A story from the Seattle PI this week highlights the many different types of employment discrimination claims that an employee may bring against a supervisor under employment anti-discrimination laws. Jesse Hernandez, head of the Arizona State Board of Executive Clemency was under investigation after a female employee complained that he discriminated against her in the workplace. The woman was a clemency board employee. She complained in May that Mr. Hernandez promoted a woman he was dating to a position that included a $21,000 per year pay raise, and engaged in other inappropriate conduct. The woman’s complaint also included allegations that Mr. Hernandez discriminated against her based on race, age, national origin and pregnancy. Mr. Hernandez has since resigned from his position.
A Topic Not Always in the Spotlight
Discrimination based on pregnancy is not a topic that is often in the news, and there are likely many misconceptions about how the law protects workers from discrimination based on pregnancy. Contrary to popular misconception, the laws against pregnancy discrimination do not just prohibit an employer from firing a woman just because she is pregnant. In fact, according to the EEOC, there are several situations in which pregnancy discrimination can occur.
The Pregnancy Discrimination Act
First, under the Pregnancy Discrimination Act (PDA), pregnancy discrimination may occur if a woman is treated unfavorably in her job because she is pregnant. This includes discrimination based on any element of employment, such as in the hiring or firing of the employee, or the determination of pay, job assignments, promotions, layoffs, training, or other aspects of employment. Second, pregnancy discrimination can occur when a woman is treated unfairly or inappropriately because she has given birth. Third, anti-discrimination laws prohibit treating a woman unfavorably because she suffers from a medical condition relating to childbirth. Under this part of the law, an employer must treat a woman in the same way as any other temporarily disabled employee if she is unable to perform her job duties as a result of a childbirth-related disability or condition. It is important to note that some disabilities related to childbirth may also fall under the Americans with Disabilities Act. If so, an employer must provide a reasonable accommodation to the employee.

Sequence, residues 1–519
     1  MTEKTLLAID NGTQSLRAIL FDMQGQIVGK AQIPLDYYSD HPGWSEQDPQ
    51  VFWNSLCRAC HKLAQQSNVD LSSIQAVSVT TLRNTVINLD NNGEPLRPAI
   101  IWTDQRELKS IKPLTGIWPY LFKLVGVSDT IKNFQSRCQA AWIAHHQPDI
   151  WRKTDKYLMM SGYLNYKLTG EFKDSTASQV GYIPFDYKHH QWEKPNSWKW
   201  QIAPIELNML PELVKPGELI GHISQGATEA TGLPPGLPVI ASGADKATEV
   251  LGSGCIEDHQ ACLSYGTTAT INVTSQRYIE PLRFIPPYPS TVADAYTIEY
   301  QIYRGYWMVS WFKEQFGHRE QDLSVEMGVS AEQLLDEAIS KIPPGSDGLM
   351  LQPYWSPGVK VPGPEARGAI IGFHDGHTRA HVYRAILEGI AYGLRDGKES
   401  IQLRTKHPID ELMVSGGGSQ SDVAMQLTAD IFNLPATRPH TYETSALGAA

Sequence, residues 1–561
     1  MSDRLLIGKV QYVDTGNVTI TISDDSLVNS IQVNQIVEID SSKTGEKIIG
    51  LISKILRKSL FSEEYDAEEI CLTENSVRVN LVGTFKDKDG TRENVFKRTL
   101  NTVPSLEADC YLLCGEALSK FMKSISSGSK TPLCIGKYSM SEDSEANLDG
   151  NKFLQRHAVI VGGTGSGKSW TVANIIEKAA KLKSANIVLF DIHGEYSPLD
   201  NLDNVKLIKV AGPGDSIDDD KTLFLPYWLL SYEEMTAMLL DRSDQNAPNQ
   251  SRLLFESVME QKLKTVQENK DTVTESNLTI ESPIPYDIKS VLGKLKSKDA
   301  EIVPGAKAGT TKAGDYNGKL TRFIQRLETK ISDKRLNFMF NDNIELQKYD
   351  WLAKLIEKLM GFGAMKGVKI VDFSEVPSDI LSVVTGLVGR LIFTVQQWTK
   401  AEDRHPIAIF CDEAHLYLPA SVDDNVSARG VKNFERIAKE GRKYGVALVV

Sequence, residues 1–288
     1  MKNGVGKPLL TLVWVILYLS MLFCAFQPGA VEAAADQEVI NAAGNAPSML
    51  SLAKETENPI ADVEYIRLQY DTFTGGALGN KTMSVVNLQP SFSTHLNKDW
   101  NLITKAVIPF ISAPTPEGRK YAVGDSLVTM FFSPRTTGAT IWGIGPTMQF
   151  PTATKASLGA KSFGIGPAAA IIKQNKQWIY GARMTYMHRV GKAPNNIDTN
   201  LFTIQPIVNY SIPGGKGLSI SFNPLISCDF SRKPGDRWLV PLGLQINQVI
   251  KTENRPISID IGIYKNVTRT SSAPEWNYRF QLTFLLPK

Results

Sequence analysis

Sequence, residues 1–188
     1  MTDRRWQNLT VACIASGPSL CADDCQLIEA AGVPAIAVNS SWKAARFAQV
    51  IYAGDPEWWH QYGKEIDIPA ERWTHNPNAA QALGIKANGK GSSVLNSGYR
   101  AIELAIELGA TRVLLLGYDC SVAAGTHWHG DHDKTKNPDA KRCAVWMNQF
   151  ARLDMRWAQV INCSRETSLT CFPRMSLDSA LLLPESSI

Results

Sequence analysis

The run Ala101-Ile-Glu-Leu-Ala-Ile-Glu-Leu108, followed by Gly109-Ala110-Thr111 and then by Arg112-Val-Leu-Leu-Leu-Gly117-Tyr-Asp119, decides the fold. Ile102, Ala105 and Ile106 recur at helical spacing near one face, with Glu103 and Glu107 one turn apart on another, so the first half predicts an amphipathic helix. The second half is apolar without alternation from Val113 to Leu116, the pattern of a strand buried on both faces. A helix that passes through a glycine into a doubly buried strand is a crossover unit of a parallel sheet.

In addition to prohibiting employers from treating women unfavorably due to pregnancy, childbirth, or a disability related to childbirth, anti-discrimination laws also prohibit workplace harassment based on pregnancy. This means that it is unlawful to harass a woman because she is pregnant, because she has given childbirth, or because she suffers from a disability or condition related to the birth of a child. Similar to the laws governing sexual harassment and other forms of harassment, pregnancy-based harassment rises to the level of being unlawful when it is so frequent or severe that it creates a “hostile work environment.” It is also unlawful if it results in an adverse work decision, which many Americans may view as familiar, or classic, harassment.
There are numerous other important provisions under the PDA that may apply to a particular case. If you believe that you have been treated unfavorably or harassed because you are pregnant, have given childbirth, or because you are disabled or suffer from a medical condition due to giving birth, you should seek out the assistance of an experienced employment law attorney. Contact the offices of HKM Employment Lawyers today for a confidential consultation.